India Insight

The night bombs scarred my son’s dreams

The other night I was surprised to see my seven-year-old son walk out of bed, shivering, crying and barely able to speak.

Calming down after 10 minutes, he said that he was getting regular nightmares about bomb blasts.

India has seen a series of bombings in recent years, this year serial blasts have rocked three major cities.

blastahm.jpgThe first was in the western city of Jaipur on May 13, killing more than 60 people.

At least 16 bombs exploded in Ahmedabad on July 26, a day after blasts in the southern Indian city of Bangalore killed one person and injured several.

With Islamist militancy, has India passed the tipping point?

Victims of the bombings in AhmedabadThe bombings that killed 45 people in the communally sensitive city of Ahmedabad have shaken India’s establishment. It is now sinking in that India faces homegrown Islamist militant groups operating with a scale and sophistication unheard of in
previous years.   

A group called “India Mujahideen” claimed responsibility for the attacks, the same group that said it carried out the bombings in Jaipur in May that killed 63 people.

For years, India had been seen as country that had largely rejected the attractions of global militancy spurred on by wars in Iraq and Afghanistan. U.S. President George W. Bush notably said there were no Indians in al Qaeda.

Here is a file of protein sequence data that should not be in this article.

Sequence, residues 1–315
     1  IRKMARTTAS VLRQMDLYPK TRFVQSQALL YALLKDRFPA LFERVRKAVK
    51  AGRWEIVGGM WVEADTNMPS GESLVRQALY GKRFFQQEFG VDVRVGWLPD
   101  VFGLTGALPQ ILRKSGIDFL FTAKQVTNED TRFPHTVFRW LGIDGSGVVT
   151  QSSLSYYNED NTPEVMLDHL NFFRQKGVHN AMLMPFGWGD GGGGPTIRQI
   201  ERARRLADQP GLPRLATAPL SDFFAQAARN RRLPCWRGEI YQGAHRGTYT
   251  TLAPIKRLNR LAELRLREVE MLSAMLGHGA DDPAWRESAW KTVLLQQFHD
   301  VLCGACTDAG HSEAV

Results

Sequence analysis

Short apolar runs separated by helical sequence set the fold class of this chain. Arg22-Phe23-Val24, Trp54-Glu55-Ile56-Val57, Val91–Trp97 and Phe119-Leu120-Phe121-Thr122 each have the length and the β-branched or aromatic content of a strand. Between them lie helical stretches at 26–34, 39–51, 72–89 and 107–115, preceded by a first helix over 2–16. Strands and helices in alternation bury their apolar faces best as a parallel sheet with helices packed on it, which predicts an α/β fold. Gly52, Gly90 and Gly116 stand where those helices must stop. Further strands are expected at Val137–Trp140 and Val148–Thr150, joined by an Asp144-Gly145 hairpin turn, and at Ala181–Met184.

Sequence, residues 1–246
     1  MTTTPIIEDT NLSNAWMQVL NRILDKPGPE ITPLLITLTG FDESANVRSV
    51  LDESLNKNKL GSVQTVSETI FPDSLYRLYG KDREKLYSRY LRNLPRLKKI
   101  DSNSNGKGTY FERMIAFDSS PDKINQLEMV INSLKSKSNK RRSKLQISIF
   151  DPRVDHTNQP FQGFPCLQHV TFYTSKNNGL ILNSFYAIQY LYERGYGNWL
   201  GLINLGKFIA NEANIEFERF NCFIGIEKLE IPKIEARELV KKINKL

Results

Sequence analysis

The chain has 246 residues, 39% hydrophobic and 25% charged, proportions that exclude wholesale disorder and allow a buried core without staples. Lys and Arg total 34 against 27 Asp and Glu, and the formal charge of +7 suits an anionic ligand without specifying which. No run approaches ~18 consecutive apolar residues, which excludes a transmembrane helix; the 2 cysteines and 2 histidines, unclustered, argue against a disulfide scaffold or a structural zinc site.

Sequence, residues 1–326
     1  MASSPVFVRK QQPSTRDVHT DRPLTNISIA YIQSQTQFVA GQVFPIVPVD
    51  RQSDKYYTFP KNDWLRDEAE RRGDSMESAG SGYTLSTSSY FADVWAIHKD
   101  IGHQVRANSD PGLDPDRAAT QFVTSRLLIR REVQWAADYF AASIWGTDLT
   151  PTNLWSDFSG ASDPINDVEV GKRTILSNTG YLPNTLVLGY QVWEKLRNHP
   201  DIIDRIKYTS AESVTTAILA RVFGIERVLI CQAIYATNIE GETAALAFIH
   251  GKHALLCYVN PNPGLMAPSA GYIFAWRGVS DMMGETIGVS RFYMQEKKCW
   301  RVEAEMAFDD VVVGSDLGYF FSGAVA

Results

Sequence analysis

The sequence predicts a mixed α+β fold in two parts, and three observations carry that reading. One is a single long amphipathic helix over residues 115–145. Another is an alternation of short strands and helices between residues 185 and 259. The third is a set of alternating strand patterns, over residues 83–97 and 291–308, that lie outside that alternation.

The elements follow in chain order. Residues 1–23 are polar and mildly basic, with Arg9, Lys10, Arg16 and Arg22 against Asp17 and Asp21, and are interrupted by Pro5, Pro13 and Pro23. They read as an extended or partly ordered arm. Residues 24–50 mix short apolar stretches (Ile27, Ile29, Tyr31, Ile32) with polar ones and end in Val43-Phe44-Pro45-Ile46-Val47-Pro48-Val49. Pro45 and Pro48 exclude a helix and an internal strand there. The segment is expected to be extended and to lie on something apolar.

Sophistication and savagery in Ahmedabad

One of the most striking things about the weekend’s bomb attacks in Gujarat was the mixture of savagery and sophistication.

Security personnel search for evidence near a bomb blast site in Ahmedabad July 27, 2008. REUTERS/Amit DaveSavagery because of the way a second wave of bombs were detonated at a hospital, apparently to target the crowds of concerned relatives who had gathered there. Had they been watching Contract, a recently released Bollywood film with a similar plotline?

Sophistication because of the way the coordinated attack was planned and executed without the intelligence agencies getting a sniff of it, even though dozens of people must have been involved.